Crimson Peak is an extremely beautiful film to look at and has some really good performances from the three leads but it lacks the material and thrills to make you watch it again. I just loved Pacific Rim, Guillermo Del Toro’s previous work and even though it was at best popcorn pleasure, it had the heart and physicality to hold on to your attention and make you come back but Crimson Peak is an exquisitely crafted piece of work which is stunning to look at but at many junctures feels shallow and rushed. Another problem with the film is the fact it you can practically sniff the plot from a mile away and hence there isn’t much in terms of content which can keep you guessing and interested. Thus the film falters even though you are amazed by its visual splendor.
The story is that of Edith Cushing (Mia Wasikowska), an aspiring writer who is from a family of means. She had a supernatural experience in her childhood when her dead mother came to visit her and warned her to stay away from Crimson Peak. Years after the experience, she has just finished writing a book about the supernatural which the publishers are unwilling to print as long as it doesn’t have a love story. It is at this juncture when a mysterious man walks into her life. Thomas Sharpe (Tom Hiddleston) is looking to raise money for a machine that he is building back home in England to gush out clay from his mines. Edith’s father refuses him but only after Edith has already fallen for him as he helps her with her writing by critiquing it. Thomas’ sister Lucille (Jessica Chastain) disapproves of the relation but Thomas goes ahead with it any ways.
In a matter of days Thomas wins over Edith and when she is struck by a personal tragedy, Thomas becomes her pillar of strength. She marries him and then makes her way to England to Thomas’ ancestral home. Once she arrives at the mansion, she is met with a house which breathes, bleeds and has a memory of its own. She is also met with a somewhat aloof Lucille who from the very beginning disapproved of the union. Edith soon realizes that the house is called by many as Crimson Peak and remembers her mother’s warning. However it may be just a bit too late for her to escape from her fate.
Del Toro tries to create a periodic horror/thriller/love story but is unable to hold the cards close to his chest or for that matter provide enough of any of the materials mentioned above. From the moment the Sharpes make an entry, the viewers are given a feeling that they are upto no good. There isn’t a single scene involving Lucille which would take you elsewhere and make you feel that she might be good. On the contrary, Tom Hiddleston’s character at a few junctures does feel honest and good but that feeling is washed away once the story takes you to England. Once in the house, Edith is visited upon by many spirits who warn her and lead her to clues which unlock the secrets of the sharps and then in a bizarre scene of “almost Bollywood style coincidence” she catches Thomas and Lucille in an equally bizarre state.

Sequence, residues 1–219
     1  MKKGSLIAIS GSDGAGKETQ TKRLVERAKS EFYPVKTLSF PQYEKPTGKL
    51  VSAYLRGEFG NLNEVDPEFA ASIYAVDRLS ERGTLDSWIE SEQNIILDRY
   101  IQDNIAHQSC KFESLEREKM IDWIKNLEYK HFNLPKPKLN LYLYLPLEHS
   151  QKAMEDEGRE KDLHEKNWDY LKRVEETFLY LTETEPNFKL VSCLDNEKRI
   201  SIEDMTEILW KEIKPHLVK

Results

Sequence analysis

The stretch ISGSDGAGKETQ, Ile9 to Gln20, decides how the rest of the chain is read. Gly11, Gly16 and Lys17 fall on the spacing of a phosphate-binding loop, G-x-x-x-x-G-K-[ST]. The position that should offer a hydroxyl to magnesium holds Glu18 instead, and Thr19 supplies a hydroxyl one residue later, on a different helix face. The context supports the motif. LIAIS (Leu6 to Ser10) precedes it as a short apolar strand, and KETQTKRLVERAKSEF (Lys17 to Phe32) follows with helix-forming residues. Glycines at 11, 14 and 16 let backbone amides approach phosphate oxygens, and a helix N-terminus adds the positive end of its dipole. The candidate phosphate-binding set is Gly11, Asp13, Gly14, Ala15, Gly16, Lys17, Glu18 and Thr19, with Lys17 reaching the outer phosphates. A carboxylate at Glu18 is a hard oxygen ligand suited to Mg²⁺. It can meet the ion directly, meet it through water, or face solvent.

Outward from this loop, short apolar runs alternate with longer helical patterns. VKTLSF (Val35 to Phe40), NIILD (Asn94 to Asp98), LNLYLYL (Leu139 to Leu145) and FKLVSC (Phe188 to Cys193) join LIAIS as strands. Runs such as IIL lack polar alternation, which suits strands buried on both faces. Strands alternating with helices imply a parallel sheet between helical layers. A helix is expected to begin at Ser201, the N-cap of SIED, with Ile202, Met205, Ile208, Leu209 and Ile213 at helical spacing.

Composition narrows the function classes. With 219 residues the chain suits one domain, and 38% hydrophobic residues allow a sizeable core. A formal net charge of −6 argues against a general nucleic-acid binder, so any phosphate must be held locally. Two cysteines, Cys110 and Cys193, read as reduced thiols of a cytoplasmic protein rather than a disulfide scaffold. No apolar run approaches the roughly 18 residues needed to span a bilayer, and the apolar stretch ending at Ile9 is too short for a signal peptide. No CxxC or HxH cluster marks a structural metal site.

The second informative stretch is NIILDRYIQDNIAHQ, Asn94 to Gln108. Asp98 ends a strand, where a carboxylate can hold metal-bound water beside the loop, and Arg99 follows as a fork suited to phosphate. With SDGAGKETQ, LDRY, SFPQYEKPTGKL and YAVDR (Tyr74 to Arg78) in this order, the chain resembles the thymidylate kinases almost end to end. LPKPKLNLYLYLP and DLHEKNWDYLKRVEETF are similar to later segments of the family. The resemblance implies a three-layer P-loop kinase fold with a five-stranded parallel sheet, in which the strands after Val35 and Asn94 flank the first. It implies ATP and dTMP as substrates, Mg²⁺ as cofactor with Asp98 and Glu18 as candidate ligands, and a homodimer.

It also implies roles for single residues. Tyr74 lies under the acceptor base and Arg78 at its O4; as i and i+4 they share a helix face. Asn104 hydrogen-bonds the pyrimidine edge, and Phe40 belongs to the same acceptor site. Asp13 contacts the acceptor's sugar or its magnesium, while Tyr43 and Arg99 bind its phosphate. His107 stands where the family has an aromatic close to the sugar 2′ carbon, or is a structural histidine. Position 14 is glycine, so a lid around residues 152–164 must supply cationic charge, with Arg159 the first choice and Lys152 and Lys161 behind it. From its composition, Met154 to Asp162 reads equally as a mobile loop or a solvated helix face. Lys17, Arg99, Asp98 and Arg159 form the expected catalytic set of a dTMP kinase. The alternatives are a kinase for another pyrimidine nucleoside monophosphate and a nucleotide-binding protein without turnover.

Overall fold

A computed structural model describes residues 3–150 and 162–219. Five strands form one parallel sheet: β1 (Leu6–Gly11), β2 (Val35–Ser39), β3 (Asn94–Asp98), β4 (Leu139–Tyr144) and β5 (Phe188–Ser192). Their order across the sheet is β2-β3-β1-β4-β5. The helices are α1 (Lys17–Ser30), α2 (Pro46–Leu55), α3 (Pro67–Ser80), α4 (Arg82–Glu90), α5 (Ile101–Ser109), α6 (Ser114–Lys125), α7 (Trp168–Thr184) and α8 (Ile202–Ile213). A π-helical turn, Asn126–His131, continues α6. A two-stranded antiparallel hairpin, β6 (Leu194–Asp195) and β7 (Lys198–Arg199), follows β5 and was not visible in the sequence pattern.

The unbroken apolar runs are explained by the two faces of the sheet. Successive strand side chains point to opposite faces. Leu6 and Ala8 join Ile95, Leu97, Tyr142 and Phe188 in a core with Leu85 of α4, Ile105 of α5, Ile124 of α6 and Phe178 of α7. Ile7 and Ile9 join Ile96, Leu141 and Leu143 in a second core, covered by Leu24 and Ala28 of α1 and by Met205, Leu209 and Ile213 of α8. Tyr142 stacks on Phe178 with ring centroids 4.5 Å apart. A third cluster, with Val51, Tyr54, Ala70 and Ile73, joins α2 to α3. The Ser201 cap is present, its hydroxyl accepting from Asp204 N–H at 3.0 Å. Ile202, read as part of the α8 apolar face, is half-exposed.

Thomas’ character evidently has a soft corner for Edith but a word from Lucille and his head turns. Lucille hates Edith and tries to kill her but not before she has made her write her wealth over to the brother and sister. Towards the end, she takes her time to explain their whole story to Edith in the most clichéd manner of exposition possible. Edith after hearing it all tries to find her way bludgeoning through the brother-sister duo. She has help in the form of a childhood friend who braves all odds to come looking for her. And to top it all up, there is a final change of heart for Thomas who finally breaks out of the shackles of his sister and fights for his love. This also appears as a tad bit too conducive for the liking. The film is essentially a horror film and it fails totally to deliver any genuine scares. I keep saying this repeatedly, that I am easily spooked by jump out moments and even the tiniest of scares but here I sat through the watch comfortably.
However speaking in terms of beauty and presentation, the film is a picture of beauty. Each and every frame is so beautifully envisioned and captured that it can be saved as wallpaper. The dilapidating manor of the Sharpe’s has a character of its own. The creaking floors, the howling doorways and the sensationally lit interiors are immaculately captured. There is also a vibrant use of colors which we generally don’t associate with a film from the horror genre. Brushed away colors and bluefish hues are more popular in such films but Del Toro takes a turn from the usual and does extremely well. Special mention must be made of the costumes of the film which are brilliant.
The film is laced with three superb performances which very nearly takes away your attention from the pot holes and the basic lapse of reason. Tom Hiddleston hasn’t looked back since he struck gold with the character of Loki. I just loved his act here. He is in complete control of his self while seducing Edith and later when he takes a turn for bad, he is still mighty convincing. Chastain as the evil sister who is not willing to part with his brother does really well. She is believable even in the most outrageous of scenes. Mia Wasikowska is wonderful as Edith. Sans a few scenes here and there with the ghosts where she looks a little bit out of place, Wasikowska does a wonderful job. I particularly liked her act towards the end when she tries desperately to save herself from the Sharpes.
Crimson Peak is a beautifully designed epic which lacks heart and horror. This is the kind of film which could have done well with some more thought into the plot and addition of some more chills. For a horror movie it doesn’t have enough scares. It can be watched primarily because of the visuals and the performances.